If all the roles for women in Hollywood were housed in one giant file cabinet, among the folders marked bookish schoolgirl, wide-eyed ingenue and wanton temptress, hardened district attorney, lonely soccer mom and rocking-chair-bound granny, there would be one labeled She Kicks Butt. Lucy Liu (劉玉玲) imagines that this is where you would find her picture. \n"I bet you my head shot is right there," she said with a self-deprecating chuckle. "Right up front." \nIn the decade or so she has been in the business, Liu has fashioned a lucrative career out of playing the icy vixen -- first as the emotionally barren Ling Woo on Fox's popular legal series, Ally McBeal, then as a coldblooded dominatrix in Payback, a frosty princess in Jackie Chan's Shanghai Noon, a federal agent in the box-office bust Ballistic: Ecks vs. Sever and as Alex Munday, the bikini-waxer by day, private investigator by night in the Charlie's Angels franchise. \nBut it is her role as O-Ren Ishii, a kimono-clad femme fatale in Quentin Tarantino's blood-drenched, slice-'em-up Kill Bill: Vol. I, which opens in Taiwan on Oct. 24, that has elevated Liu, 34, to an entirely new level of ruthlessness and secured the actress' position as one of America's leading action heroines, at the risk of being typecast as a dragon lady. \nIn this estrogen-fueled homage to spaghetti westerns and kung fu flicks, Liu plays the archenemy of a character called the Bride (Uma Thurman), a retired hit woman who is brutally attacked on her wedding day and left for dead by a gang of assassins called the Deadly Viper Assassination Squad (DiVAS). Four years after surviving a bullet in the head, the Bride awakes from a coma and sets out on a revenge mission. \nHer first target, Liu's O-Ren Ishii, aka Cottonmouth, is also beset with a stack of issues. At age 7 she witnesses the gruesome murder of her parents. Four years later she avenges their deaths. By 20, she is one of the world's top women in the assassination profession. Five years later, at a ceremony honoring her rise to the head of the Japanese yakuza underworld, she swiftly decapitates a male capo for denouncing her Japanese/Chinese-American background. With the head of the nemesis in hand, O-Ren plunges into a speech about open communication that sounds straight out of a human resources manual. \n"I'm going to speak in English," she calmly states, "just so you know how serious I am." \nIt is both a comical and a painfully disturbing scene in a film filled with them. Of her diabolical character, Liu said: "I felt like I really understood her emotionally. In my mind she was a survivor, and it was either kill or be killed." \nMuch has been made about the copious violence in Kill Bill. Limbs are amputated. Heads are scalped. Blood flows like champagne at a Miramax post-Oscar bash. Liu acknowledged that Tarantino's latest effort -- the fourth film he has directed, and the first since Jackie Brown in 1997 -- wasn't for everyone, but added that those going to a film by the director should know not to expect light, G-rated fare. \n"To say that the movie is violent is not taking into consideration what movie you're seeing," said Liu. "It's like watching a horror movie and saying the movie's gory. Of course that's the case. It's a horror movie." \nTo prepare for her role as a Samurai sword fighter, Liu said she spent three months in training and learned some Japanese. Neither was easy. \n"People just assume I've done martial arts my whole life," said Liu, who began studying Kali-Eskrima-Silat -- a Philippine form of fighting -- when she was in her early 20s. "I did nothing my whole life. I ate, hung out and played handball." \nBorn in Jackson Heights, Queens, Liu, the daughter of working-class Chinese immigrants, recalled many an afternoon spent parked in front of a TV set. Though she seldom saw anyone who resembled her on either the small or big screen, Liu said she always dreamed of acting. \n"I just felt like there was something otherworldly about being an actress," she said. "When you're younger and you don't feel like you quite fit in anywhere, you think there must be a community of misfits out there that you can fall into." \nAfter a brief stint at New York University, Liu transferred to the University of Michigan, where she studied Asian languages and culture. (She is fluent in Mandarin.) She auditioned for a minor role in the school's production of Alice in Wonderland and waltzed away with the lead, a life-changing moment, she said. \n"I had allowed myself to believe that I wasn't ever going to be important enough or good enough or right enough, colorwise," Liu said. "I thought that I had to be Caucasian to ever see the light of day. Earning that role made me realize that in a weird way, I was being racist toward myself. I had been thinking so small." \nShe began in TV with bit parts in series like Beverly Hills 90210, ER and The X-Files. The career-making role of the abrasive Ling Woo on Ally McBeal was originally meant to be a guest spot but grew into a full-time one as fans came to appreciate the character's condescending (and often times emasculating) ways, acid tongue and general disregard for human emotions. \nSome, however, have accused Liu of perpetuating the dragon lady stereotype of an Asian woman who is desirable but ultimately dangerous and untrustworthy. "She has helped counter the image of Asian women as these `shrinking, geisha girl flowers,'" said Anne Kim, managing editor of the Asian-American lifestyle magazine Audrey. "But at the same time, what's up with all the martial arts stuff? Why is she playing a bad guy, and why is she dressed up like a geisha?" \nIn response, Liu asked why phrases like lotus blossom and geisha are often bandied about when she is the subject of conversation. "If Renee Zellweger was playing this role," Liu said, "I'm sure she wouldn't be referred to as `dragon lady.'" \nWhile Liu is the biggest Asian-American star now working, earning upward of US$4 million a picture, she engenders mixed feelings among Asian-Americans. On Web sites like goldsea.com, everything from her choice in roles to her starring opposite Caucasian men -- Mel Gibson, Matt LeBlanc, Greg Germann -- has been dissected. \nEven Tarantino's decision to cast Liu as the Chinese/Japanese O-Ren Ishii caused a bit of an uproar, with some feeling the role should have gone to a Japanese actress. Liu called the notion ridiculous. \n"I should be able to play a Japanese person or a Korean, Vietnamese or Italian person," she said. "It becomes even more limiting when the Asian community starts asking questions like that." \nWearing a pleated skirt and black V-neck sweater for an interview, Liu, a petite-framed 165cm, appeared less like a karate queen than like a self-assured high school senior, the type who effortlessly juggled cheerleading and debate team. "Lucy is such a sweetheart," said Vivica A. Fox, a Kill Bill co-star. "And she is so much fun. She is nothing like the girl you see on screen." \nAt times, Liu said, it bothers her that some people have trouble separating her from the hard-driving characters she portrays. And yet she is not exactly campaigning for a congeniality award. "It's not my job to go around shucking and jiving until everyone realizes what a nice person I am," she said. \nHaving established herself in the world of clever one-liners and roundhouse kicks, Liu said she longed for meatier roles, ones that do not necessarily involve hours spent in the gym. And yet she has not entirely ruled out another action movie. \n"It's not at the top of my list right now," Liu said, "but if a movie like Gladiator comes along, you can't turn away."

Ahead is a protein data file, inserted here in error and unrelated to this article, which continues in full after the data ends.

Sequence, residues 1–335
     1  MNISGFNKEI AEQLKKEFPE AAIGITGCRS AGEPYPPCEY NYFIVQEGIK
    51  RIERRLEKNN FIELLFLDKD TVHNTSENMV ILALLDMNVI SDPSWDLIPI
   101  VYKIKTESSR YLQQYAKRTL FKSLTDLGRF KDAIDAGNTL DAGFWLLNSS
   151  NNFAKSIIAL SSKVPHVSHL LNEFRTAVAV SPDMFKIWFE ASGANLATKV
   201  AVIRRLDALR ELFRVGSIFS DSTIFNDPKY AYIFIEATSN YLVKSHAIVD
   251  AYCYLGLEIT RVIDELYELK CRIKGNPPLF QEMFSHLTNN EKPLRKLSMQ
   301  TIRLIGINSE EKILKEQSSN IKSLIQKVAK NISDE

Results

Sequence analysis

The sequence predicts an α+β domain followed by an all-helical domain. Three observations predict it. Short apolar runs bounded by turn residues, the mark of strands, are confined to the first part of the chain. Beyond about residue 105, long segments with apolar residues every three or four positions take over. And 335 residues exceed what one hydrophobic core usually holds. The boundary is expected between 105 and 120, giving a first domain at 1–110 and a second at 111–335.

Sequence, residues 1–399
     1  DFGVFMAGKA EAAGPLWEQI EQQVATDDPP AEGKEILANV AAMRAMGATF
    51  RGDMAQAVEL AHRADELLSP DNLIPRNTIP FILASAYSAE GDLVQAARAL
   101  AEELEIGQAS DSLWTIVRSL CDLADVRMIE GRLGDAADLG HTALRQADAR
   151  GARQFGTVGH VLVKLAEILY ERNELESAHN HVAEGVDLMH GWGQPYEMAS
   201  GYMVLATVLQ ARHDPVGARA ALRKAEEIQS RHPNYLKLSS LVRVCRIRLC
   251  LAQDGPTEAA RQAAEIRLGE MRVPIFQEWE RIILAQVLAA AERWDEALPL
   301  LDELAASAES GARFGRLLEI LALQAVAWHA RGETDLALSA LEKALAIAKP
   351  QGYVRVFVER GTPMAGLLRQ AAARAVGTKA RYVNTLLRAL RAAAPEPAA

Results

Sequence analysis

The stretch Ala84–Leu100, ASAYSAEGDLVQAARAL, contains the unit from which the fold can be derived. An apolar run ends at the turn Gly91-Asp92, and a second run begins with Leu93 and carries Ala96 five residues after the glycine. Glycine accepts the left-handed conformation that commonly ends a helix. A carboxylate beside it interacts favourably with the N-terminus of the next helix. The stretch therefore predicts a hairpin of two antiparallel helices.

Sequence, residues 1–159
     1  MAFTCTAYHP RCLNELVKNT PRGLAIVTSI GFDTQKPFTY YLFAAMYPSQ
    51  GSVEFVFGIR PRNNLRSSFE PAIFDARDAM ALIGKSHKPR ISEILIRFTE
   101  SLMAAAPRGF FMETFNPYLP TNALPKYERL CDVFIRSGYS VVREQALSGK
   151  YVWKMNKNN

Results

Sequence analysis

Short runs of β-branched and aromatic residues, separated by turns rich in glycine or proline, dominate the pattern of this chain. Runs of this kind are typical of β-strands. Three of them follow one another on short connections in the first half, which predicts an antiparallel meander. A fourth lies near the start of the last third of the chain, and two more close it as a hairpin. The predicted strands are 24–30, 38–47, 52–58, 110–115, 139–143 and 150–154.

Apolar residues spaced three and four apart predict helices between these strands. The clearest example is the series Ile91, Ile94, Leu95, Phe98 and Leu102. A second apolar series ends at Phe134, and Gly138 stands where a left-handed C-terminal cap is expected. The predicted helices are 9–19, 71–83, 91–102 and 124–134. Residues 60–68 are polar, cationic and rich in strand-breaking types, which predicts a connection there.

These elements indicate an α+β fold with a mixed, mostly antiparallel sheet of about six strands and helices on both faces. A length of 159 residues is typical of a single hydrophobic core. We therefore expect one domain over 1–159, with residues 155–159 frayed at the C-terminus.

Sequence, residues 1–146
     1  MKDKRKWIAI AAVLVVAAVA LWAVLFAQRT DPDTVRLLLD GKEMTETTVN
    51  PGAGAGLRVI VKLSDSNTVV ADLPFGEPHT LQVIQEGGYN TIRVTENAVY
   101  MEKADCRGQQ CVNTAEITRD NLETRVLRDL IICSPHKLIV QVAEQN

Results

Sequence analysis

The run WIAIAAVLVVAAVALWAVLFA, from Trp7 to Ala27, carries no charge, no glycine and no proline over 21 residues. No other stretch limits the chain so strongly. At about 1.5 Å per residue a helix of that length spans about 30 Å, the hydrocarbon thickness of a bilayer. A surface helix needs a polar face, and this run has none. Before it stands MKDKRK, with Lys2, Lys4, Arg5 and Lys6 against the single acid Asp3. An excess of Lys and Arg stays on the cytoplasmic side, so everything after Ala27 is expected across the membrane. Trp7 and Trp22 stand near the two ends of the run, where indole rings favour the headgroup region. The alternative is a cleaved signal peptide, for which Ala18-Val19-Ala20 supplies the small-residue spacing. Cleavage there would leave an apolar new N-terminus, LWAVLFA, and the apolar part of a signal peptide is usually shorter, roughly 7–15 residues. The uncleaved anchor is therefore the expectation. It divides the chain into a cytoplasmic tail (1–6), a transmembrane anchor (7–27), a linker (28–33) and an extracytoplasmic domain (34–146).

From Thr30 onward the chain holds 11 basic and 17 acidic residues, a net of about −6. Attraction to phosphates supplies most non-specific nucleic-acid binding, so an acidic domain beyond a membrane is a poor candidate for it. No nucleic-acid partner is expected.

PHOTO: NY TIMES
Sept. 28 to Oct . 4 A large number of 3000-year-old slate coffins were unearthed on a hill near Nanhe Village (南和村) in Pingtung County on Sept. 30, 1985. Unfortunately, the United Daily News (聯合報) noted that they had been seriously damaged by construction, and no artifacts or human remains were found. Although the newspaper called the find a “significant discovery,” little information can be gleaned about this specific site because it’s just one of countless locations where stone sarcophagi have been unearthed across southern and eastern Taiwan, and as north as Yilan County. These stone receptacles for the dead were
Sitting at the bar, martini in hand, Kristin Scott Thomas rolls her eyes briefly heavenwards. And then she declares, in one of the most memorable monologues of the cult BBC drama Fleabag, that menopause is the “most wonderful fucking thing in the world. And yes, your entire pelvic floor crumbles and you get fucking hot and no one cares. But then — you’re free! No longer a slave, no longer a machine with parts. You’re just a person, in business.” When an entranced Fleabag says she has been told the whole thing is horrendous, Scott Thomas’s character responds: “It is horrendous,
As if the climbs and views and snacks and companions of cycling in Taiwan aren’t sufficient, the GPS-generation of route-planners are now using apps such as Strava and Endomondo to create works of art as they ride. One such is nicknamed the Dove Road of Sijhih (汐鴿路), a 25km ride that follows the riverside bike path from the Nangang-Neihu Bridge (南湖橋) to New Taipei City’s Sijhih District (汐止), climbs around 400m up the Sijhih-Shiding Road (汐碇路), before dropping back down past Academia Sinica to generate a very dove-like pattern. Originally called Kippanas by indigenous Ketagalan people and transliterated into Hoklo (more commonly
A senior communist party operative whose only previous experience in Hong Kong is a business trip two years ago; a former Guangdong mayor who oversaw the mass arrests of villagers protesting against land seizures; a former provincial party secretary best known for tearing down hundreds of churches and crosses in eastern China. These are China’s top officials charged with Hong Kong affairs, hardliners and allies of the Chinese president, Xi Jinping (習近平), who are remaking the semi-autonomous territory into a city that is directly under Beijing’s control in all but name. They remain behind the scenes, rarely making public appearances. Little is